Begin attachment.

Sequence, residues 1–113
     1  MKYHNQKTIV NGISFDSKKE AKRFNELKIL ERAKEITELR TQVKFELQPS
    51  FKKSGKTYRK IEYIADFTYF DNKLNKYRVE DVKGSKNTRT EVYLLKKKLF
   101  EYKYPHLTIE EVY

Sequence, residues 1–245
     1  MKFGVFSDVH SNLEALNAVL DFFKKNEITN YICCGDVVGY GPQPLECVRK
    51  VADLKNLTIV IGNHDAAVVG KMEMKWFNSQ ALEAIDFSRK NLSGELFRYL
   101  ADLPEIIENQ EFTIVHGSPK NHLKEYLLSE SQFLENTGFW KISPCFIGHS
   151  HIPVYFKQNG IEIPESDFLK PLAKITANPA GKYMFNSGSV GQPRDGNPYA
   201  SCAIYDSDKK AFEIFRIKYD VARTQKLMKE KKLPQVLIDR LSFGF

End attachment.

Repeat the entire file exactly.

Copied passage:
Sequence, residues 1–113
     1  MKYHNQKTIV NGISFDSKKE AKRFNELKIL ERAKEITELR TQVKFELQPS
    51  FKKSGKTYRK IEYIADFTYF DNKLNKYRVE DVKGSKNTRT EVYLLKKKLF
   101  EYKYPHLTIE EVY

Sequence, residues 1–245
     1  MKFGVFSDVH SNLEALNAVL DFFKKNEITN YICCGDVVGY GPQPLECVRK
    51  VADLKNLTIV IGNHDAAVVG KMEMKWFNSQ ALEAIDFSRK NLSGELFRYL
   101  ADLPEIIENQ EFTIVHGSPK NHLKEYLLSE SQFLENTGFW KISPCFIGHS
   151  HIPVYFKQNG IEIPESDFLK PLAKITANPA GKYMFNSGSV GQPRDGNPYA
   201  SCAIYDSDKK AFEIFRIKYD VARTQKLMKE KKLPQVLIDR LSFGF